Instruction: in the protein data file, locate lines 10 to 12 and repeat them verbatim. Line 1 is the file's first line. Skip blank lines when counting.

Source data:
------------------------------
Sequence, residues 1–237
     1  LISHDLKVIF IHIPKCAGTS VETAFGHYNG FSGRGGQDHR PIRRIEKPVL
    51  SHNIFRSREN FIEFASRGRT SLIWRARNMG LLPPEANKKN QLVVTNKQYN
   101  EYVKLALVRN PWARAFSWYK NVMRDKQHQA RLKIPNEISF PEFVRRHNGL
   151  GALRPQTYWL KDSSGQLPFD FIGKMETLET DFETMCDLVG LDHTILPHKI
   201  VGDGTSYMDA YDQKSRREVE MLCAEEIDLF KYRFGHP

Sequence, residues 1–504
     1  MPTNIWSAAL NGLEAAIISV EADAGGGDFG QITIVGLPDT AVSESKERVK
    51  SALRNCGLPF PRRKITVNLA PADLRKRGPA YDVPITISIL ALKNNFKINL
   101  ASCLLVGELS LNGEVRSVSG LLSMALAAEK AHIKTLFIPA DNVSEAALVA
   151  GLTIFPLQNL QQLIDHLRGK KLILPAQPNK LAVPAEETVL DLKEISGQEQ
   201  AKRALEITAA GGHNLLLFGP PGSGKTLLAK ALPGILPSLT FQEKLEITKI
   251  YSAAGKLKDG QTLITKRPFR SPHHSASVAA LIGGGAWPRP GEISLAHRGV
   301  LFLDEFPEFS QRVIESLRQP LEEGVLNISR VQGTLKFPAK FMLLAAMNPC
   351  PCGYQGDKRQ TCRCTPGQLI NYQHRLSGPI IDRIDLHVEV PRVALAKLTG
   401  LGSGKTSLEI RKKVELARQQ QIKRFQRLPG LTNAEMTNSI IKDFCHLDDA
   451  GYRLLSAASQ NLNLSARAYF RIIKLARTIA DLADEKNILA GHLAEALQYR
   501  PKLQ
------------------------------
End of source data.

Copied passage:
   101  ASCLLVGELS LNGEVRSVSG LLSMALAAEK AHIKTLFIPA DNVSEAALVA
   151  GLTIFPLQNL QQLIDHLRGK KLILPAQPNK LAVPAEETVL DLKEISGQEQ
   201  AKRALEITAA GGHNLLLFGP PGSGKTLLAK ALPGILPSLT FQEKLEITKI